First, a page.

About 3,200 people gathered at the IU Auditorium in Bloomington on April 16 for the conferral of an honorary doctoral degree to Meryl Streep in recognition of her achievement of excellence in cinema.
During his opening remarks, IU President Michael McRobbie said, “By disappearing into her roles, Meryl Streep has made the world visible to us, and all of us are truly grateful.”
A post-ceremony interview was conducted by Barbara Klinger, a professor of film and media studies. Klinger’s first question was to ask Streep how she came to the acting profession.
“I think I was like every other girl who puts on a princess dress and expects everyone to pay full attention,” Streep said. “Most of us grow out of that.”
As the audience burst into laughter, Streep then talked about empathy as one of the ways she connects with people she plays.
“It’s possible for people of very diverse backgrounds to feel the feelings of someone not remotely like them. Even crossing the gender line and the age line, even all the things that divide us … That’s such an interesting, underused quality human beings have.”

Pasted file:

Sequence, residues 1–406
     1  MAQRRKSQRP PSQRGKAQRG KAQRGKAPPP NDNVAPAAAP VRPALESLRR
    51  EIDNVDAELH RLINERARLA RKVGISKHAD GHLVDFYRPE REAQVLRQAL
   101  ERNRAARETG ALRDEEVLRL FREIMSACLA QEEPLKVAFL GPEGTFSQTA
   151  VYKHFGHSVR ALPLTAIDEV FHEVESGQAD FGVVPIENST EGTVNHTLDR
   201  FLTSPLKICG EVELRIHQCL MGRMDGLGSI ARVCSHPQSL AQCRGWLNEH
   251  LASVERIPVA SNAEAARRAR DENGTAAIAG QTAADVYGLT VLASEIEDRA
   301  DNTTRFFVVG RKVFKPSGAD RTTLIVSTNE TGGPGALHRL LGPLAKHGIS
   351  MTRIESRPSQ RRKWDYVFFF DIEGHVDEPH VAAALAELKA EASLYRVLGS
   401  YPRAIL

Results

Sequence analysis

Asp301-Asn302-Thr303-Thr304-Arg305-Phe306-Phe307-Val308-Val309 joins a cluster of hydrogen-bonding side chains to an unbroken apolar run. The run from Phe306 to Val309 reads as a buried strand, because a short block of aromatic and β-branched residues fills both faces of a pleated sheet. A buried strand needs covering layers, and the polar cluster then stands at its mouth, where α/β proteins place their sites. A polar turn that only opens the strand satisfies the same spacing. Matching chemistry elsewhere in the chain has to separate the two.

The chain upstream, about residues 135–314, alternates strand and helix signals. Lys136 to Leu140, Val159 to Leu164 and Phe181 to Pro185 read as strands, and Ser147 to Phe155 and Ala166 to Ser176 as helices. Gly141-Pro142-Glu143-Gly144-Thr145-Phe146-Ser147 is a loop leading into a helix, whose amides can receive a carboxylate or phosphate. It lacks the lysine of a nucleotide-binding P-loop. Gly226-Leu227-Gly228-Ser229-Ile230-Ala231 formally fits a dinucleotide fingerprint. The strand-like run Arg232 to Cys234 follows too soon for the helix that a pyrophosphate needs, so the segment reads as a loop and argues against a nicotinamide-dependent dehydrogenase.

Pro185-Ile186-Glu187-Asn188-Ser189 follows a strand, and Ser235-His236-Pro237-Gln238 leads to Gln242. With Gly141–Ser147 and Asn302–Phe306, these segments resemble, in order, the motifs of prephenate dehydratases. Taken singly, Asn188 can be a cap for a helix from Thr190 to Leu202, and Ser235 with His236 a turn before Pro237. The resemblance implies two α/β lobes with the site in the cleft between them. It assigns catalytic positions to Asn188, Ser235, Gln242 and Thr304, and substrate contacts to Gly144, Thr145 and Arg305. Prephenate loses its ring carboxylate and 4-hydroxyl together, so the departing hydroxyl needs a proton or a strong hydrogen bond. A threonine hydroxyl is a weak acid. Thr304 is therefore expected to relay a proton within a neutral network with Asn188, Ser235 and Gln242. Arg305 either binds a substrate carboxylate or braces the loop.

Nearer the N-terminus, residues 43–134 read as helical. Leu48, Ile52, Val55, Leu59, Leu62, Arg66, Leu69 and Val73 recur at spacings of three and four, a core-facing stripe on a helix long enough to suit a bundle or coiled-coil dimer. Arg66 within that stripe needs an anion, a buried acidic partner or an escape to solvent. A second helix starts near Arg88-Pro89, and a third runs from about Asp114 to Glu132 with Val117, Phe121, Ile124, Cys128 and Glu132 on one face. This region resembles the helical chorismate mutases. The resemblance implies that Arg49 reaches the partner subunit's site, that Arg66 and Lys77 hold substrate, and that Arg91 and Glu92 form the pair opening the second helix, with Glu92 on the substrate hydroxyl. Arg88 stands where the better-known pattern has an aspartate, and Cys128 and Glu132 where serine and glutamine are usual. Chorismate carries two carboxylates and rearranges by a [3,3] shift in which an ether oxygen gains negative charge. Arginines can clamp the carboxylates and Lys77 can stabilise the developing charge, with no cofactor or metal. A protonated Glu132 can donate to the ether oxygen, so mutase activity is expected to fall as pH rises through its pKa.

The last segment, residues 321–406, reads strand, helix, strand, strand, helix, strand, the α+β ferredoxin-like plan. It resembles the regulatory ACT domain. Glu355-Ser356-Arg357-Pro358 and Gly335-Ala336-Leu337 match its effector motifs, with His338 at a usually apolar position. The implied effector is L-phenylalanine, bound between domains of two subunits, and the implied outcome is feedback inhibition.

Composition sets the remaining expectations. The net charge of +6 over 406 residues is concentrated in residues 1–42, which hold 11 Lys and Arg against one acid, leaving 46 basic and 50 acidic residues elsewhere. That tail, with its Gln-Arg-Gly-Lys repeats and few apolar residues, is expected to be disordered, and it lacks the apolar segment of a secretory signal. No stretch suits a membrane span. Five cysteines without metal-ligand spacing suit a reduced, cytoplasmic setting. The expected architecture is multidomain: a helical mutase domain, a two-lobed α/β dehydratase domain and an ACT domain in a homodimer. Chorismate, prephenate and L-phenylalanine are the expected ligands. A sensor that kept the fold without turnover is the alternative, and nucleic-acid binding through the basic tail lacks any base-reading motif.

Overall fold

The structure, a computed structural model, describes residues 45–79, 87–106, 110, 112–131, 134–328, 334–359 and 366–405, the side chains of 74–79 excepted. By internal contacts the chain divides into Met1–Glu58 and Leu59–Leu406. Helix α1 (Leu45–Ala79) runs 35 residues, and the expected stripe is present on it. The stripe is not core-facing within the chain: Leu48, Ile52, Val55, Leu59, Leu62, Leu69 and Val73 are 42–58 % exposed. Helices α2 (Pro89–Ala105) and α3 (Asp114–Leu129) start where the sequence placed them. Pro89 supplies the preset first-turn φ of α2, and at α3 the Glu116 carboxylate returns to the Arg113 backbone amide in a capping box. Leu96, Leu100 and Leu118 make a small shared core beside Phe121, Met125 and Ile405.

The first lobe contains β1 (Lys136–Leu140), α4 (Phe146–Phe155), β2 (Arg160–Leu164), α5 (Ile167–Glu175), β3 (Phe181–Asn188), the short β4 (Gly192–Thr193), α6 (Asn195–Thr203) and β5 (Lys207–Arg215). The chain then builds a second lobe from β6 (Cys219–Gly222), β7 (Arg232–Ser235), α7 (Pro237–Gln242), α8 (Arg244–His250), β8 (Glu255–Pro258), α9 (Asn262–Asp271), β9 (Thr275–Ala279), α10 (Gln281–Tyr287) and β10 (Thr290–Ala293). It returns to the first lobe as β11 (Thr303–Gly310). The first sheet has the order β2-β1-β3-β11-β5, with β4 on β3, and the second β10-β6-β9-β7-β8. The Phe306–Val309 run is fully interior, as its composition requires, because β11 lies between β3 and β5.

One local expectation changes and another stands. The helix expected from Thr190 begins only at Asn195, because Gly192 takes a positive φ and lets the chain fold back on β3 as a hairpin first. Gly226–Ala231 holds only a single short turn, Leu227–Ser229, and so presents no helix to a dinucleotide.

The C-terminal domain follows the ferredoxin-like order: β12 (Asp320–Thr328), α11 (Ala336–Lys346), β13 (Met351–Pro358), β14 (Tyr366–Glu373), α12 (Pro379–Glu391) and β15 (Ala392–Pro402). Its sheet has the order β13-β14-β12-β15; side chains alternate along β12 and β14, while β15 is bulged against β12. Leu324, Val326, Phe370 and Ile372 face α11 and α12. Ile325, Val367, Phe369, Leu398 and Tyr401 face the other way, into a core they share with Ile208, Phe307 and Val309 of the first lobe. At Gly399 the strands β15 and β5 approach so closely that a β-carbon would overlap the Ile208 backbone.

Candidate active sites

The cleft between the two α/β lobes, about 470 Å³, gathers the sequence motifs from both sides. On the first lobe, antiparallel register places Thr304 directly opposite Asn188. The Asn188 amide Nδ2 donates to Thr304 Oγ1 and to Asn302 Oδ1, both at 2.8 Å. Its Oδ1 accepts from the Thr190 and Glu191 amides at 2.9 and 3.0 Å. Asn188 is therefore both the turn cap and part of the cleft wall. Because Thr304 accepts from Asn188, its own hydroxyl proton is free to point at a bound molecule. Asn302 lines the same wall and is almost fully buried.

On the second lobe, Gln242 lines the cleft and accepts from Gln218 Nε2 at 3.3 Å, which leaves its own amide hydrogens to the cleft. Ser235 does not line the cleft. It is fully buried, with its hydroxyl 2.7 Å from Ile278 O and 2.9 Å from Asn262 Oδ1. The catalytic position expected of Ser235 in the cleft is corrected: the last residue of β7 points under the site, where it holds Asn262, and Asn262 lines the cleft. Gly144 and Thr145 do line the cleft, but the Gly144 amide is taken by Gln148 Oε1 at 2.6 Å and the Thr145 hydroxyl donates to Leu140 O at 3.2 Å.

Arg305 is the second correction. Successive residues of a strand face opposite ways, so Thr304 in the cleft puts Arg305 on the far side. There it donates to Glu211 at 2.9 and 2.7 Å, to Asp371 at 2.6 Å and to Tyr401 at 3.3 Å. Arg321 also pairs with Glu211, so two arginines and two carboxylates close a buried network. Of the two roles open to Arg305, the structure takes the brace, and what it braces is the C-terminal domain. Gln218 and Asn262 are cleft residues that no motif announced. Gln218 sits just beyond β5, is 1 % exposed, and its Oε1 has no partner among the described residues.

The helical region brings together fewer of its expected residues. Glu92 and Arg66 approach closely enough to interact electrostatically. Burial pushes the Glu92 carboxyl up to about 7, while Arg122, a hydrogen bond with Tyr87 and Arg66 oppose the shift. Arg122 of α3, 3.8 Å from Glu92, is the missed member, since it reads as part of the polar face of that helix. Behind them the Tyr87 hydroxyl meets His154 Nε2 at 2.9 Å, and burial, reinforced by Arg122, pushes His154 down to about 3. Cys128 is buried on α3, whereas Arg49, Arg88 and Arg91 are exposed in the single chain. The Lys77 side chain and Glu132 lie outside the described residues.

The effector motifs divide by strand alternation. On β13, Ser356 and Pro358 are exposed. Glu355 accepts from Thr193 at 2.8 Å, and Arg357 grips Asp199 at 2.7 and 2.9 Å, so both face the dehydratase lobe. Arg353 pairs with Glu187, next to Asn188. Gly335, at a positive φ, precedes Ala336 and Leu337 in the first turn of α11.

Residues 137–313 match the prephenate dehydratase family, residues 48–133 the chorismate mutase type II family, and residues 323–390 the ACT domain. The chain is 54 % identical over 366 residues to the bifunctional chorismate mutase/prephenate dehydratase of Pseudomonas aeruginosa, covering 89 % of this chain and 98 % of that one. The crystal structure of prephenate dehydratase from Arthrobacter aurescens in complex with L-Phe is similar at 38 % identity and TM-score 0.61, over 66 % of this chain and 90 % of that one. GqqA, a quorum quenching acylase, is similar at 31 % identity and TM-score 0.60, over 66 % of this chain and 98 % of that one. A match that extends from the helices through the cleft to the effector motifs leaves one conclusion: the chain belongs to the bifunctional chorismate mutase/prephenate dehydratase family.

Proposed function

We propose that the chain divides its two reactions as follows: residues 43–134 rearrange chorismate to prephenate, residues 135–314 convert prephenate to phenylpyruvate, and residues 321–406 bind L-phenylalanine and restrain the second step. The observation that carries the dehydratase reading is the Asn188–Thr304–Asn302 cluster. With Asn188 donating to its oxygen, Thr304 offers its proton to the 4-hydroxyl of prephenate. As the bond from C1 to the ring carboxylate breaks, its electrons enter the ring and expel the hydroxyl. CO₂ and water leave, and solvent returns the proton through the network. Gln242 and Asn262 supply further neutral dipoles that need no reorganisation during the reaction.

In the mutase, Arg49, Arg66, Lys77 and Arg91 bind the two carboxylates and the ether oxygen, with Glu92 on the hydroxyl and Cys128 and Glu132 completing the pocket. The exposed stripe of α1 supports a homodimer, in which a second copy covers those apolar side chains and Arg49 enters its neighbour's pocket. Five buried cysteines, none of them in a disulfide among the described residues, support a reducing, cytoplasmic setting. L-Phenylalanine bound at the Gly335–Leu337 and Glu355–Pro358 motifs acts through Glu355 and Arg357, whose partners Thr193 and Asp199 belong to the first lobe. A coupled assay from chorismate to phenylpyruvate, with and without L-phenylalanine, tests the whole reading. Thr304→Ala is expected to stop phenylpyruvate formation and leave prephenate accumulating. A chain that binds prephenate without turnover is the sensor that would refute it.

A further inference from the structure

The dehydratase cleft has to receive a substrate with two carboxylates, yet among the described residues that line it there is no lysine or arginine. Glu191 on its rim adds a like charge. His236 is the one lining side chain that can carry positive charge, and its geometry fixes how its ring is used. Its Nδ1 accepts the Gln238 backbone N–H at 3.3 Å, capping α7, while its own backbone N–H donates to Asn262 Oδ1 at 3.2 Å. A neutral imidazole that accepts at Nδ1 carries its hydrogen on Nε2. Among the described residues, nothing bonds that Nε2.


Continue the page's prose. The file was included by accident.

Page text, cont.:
Streep received her undergraduate degree at Vassar and a master’s degree at Yale. She speaks several languages fluently and was said to have a photographic memory when she was younger. Despite all her successes, Streep said she feels lucky to have had the opportunities she has been afforded.
Streep is widely recognized as one of the greatest living actors, with a body of work spanning four decades. She has been nominated 18 times for an Academy Award and 28 times for a Golden Globe, more than any actor in the history of either award. She has won three Academy Awards and eight Golden Globes.
Lesser known, is the fact that she is a tireless philanthropist who regularly supports numerous charities. She is the official spokesperson for the National Women’s History Museum, and she and her husband, Don Gummer, publicly support Artists for Peace and Justice, Equality Now, and Healthy Child Healthy World, to name a few.
Also, a lesser known fact is Streep’s ties to Indiana. Her husband is a sculptor who graduated from Ben Davis High School and then attended Herron School of Art at IUPUI. He and Streep continue to be supporters of Herron, and Gummer has been commissioned by the State for several large sculptures.
Streep and Gummer are one of the few, perhaps the only husband and wife team, to each have received an honorary doctorate from IU.
Tonya Burton is the Current’s social scene columnist. You may contact her at firstname.lastname@example.org